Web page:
[ˈtʃile]), officially the Republic of Chile (
República de Chile (
info)), is a
South American country occupying a long, narrow strip of land between the
Andes to the east and the Pacific Ocean to the west. It borders
Peru to the north,
Bolivia to the northeast,
Argentina to the east, and the
Drake Passage in the far south. Chilean territory includes the Pacific islands of
Salas y Gómez,
Easter Island in
Oceania. Chile also claims about 1,250,000 square kilometres (480,000 sq mi) of
Antarctica, although all claims are suspended under the
Atacama Desert in northern Chile contains great mineral wealth, principally
copper. The relatively small central area dominates in terms of population and agricultural resources, and is the cultural and political center from which Chile expanded in the late 19th century when it incorporated its northern and southern regions. Southern Chile is rich in forests and grazing lands, and features a string of
volcanoes and lakes. The southern coast is a labyrinth of
fjords, inlets, canals, twisting peninsulas, and islands.
Spain conquered and colonized the region in the mid-16th century, replacing
Inca rule in the north and centre, but
failing to conquer the independent
Mapuche who inhabited what is now south-central Chile. After
declaring its independence from Spain in 1818, Chile emerged in the 1830s as a relatively stable authoritarian republic. In the 19th century, Chile saw significant economic and territorial growth,
ending Mapuche resistance in the 1880s and gaining its current northern territory in the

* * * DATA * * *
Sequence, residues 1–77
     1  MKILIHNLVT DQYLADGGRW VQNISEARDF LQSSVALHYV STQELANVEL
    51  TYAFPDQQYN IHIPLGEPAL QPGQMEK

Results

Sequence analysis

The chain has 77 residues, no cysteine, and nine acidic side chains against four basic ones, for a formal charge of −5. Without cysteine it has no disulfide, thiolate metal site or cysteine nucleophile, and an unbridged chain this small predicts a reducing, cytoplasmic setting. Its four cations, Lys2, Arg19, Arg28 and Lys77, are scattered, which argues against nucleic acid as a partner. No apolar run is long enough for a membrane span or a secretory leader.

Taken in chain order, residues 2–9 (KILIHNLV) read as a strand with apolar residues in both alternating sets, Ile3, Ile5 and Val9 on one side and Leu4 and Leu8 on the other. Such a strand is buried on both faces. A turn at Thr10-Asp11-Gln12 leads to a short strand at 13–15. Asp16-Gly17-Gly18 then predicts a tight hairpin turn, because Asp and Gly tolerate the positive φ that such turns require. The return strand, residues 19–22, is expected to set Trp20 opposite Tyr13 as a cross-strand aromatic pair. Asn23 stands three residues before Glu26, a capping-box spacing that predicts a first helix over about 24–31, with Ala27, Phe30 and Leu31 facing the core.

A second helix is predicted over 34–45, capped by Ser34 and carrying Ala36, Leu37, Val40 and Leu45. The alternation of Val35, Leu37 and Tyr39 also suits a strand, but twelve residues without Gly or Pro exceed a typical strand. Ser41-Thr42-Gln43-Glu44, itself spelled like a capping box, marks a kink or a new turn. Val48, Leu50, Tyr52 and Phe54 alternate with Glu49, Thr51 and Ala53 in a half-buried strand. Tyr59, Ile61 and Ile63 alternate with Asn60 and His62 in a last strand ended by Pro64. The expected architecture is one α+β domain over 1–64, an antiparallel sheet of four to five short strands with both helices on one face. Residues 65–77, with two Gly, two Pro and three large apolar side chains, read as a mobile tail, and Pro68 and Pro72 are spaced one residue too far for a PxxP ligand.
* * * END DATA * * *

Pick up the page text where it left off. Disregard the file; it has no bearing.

War of the Pacific (1879–83) after defeating Peru and Bolivia.
 In the 1960s and 1970s the country experienced severe left-right
political polarization and turmoil. This development culminated with the
1973 Chilean coup d'état that overthrew
Salvador Allende's democratically elected left-wing government and instituted
a 16-year-long right-wing military dictatorship that left more than 3,000 people dead or missing.
 The regime, headed by
Augusto Pinochet, ended in 1990 after it lost a
referendum in 1988 and was succeeded by a
center-left coalition which ruled through four presidencies until 2010.
Chile is today one of South America's most economically and socially stable and prosperous nations, with a
high-income economy and high
 It leads
Latin American nations in rankings of
income per capita,
state of peace,
economic freedom, and
low perception of corruption.
 It also ranks high regionally in
sustainability of the state, and democratic development.
 Chile is the only South American member of the
Organization for Economic Co-operation and Development (OECD), joining in 2010. Currently it also has the
lowest homicide rate in South America. Chile is a founding member of the
United Nations, the
Union of South American Nations (UNASUR) and the
Community of Latin American and Caribbean States (CELAC).